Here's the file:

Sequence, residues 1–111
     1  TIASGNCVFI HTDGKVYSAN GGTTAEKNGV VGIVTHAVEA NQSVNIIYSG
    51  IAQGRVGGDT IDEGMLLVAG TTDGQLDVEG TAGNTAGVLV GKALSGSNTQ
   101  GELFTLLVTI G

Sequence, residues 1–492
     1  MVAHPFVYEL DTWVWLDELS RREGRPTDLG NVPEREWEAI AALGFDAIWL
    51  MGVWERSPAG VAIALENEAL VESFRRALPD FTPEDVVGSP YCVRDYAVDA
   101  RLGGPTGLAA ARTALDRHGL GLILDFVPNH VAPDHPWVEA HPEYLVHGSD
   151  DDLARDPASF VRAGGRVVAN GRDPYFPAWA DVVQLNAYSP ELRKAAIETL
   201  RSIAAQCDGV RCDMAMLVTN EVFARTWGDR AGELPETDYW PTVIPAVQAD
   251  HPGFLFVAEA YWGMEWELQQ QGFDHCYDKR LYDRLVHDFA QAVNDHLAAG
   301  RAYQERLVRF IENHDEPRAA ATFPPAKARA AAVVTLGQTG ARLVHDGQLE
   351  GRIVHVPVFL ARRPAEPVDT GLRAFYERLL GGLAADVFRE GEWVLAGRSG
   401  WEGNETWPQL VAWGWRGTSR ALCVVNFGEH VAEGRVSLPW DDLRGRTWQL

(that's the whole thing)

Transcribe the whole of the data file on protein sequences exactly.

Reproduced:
Sequence, residues 1–111
     1  TIASGNCVFI HTDGKVYSAN GGTTAEKNGV VGIVTHAVEA NQSVNIIYSG
    51  IAQGRVGGDT IDEGMLLVAG TTDGQLDVEG TAGNTAGVLV GKALSGSNTQ
   101  GELFTLLVTI G

Sequence, residues 1–492
     1  MVAHPFVYEL DTWVWLDELS RREGRPTDLG NVPEREWEAI AALGFDAIWL
    51  MGVWERSPAG VAIALENEAL VESFRRALPD FTPEDVVGSP YCVRDYAVDA
   101  RLGGPTGLAA ARTALDRHGL GLILDFVPNH VAPDHPWVEA HPEYLVHGSD
   151  DDLARDPASF VRAGGRVVAN GRDPYFPAWA DVVQLNAYSP ELRKAAIETL
   201  RSIAAQCDGV RCDMAMLVTN EVFARTWGDR AGELPETDYW PTVIPAVQAD
   251  HPGFLFVAEA YWGMEWELQQ QGFDHCYDKR LYDRLVHDFA QAVNDHLAAG
   301  RAYQERLVRF IENHDEPRAA ATFPPAKARA AAVVTLGQTG ARLVHDGQLE
   351  GRIVHVPVFL ARRPAEPVDT GLRAFYERLL GGLAADVFRE GEWVLAGRSG
   401  WEGNETWPQL VAWGWRGTSR ALCVVNFGEH VAEGRVSLPW DDLRGRTWQL